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Muriel Santa Ana,
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In Israel there is neither civil marriage nor civil divorce. Only rabbis can legitimate a marriage or its dissolution. But this dissolution is only possible with full consent from the ... See full summary »
When sudden and massive earthquakes open the Arabian tectonic plate, the result is unstable weather and freezing temperatures that will be unsurvivable by nightfall. Attempting to reach ... See full summary »
A family on a ski holiday in the French Alps find themselves staring down an avalanche during lunch one day; in the aftermath, their dynamic has been shaken to its core, with a question mark hanging over their patriarch in particular.
Lisa Loven Kongsli,
At the peak of her international career, Maria Enders is asked to perform in a revival of the play that made her famous twenty years ago. But back then she played the role of Sigrid, an ... See full summary »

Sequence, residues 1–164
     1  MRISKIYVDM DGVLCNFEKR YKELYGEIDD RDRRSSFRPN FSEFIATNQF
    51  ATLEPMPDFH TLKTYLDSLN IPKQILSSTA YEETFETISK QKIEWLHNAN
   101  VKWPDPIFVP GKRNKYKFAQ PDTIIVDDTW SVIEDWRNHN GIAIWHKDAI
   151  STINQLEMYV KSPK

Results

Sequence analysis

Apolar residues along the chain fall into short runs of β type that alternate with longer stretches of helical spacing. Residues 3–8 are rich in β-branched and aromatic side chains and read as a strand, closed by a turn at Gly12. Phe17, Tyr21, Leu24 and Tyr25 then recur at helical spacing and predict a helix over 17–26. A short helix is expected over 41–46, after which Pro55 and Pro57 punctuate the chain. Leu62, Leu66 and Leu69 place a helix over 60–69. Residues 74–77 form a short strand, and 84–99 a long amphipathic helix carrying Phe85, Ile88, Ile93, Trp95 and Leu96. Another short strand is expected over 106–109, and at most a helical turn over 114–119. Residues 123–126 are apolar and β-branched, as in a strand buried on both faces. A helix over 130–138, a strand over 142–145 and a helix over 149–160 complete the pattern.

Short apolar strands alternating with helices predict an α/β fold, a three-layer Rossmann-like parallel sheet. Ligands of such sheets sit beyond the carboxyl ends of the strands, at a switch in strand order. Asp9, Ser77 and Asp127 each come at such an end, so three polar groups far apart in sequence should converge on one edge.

Chloë Grace Moretz
Stephen Medcalf's production of Mozart's Le Nozze di Figaro celebrates the reopening of the Glyndebourne Festival Opera House after two years of closure, and what a celebration it turns out to be! Thanks to Gerald Finley as Figaro, Alison Hagley as Susanna, Renée Fleming as the Countess and Andreas Schmidt as the count, and the London Philharmonic conducted by Bernard Haitink, I sat spell-bound for just over three hours of fantastic singing and wonderful acting. The libretto by Lorenzo da Ponte turns the 1778 play by Beaumarchais into a typical silly comedy on the battle between the sexes very similar to some of Shakespeare's comedies like A Midsummer Night's Dream. That means that we are presented with lots of confusion, mixed identities, a boy dressed up as a girl (Cherubino, very well done by Marie-Ange Todorovitch), hilarious dialogue with lots of double entendre and a very satisfying, humane, happy ending. As far as I am concerned the absolute star of this production is Alison Hagley whose fantastic acting (at least as good as her singing) moves the play along to its inevitable end.
The only points of criticism is the occasionally shrill quality of the recording and the at times unimaginative camera work and/or cutting which sometimes detracts from the drama as when we are offered a close-up when you can tell from the audience's reaction that a fullshot is required (they laugh at a joke not shown on screen), or the shots taken from such a height as to present the stage scenery in an unfavourable light (completely out of perspective). But these are minor points in an otherwise wonderful production.
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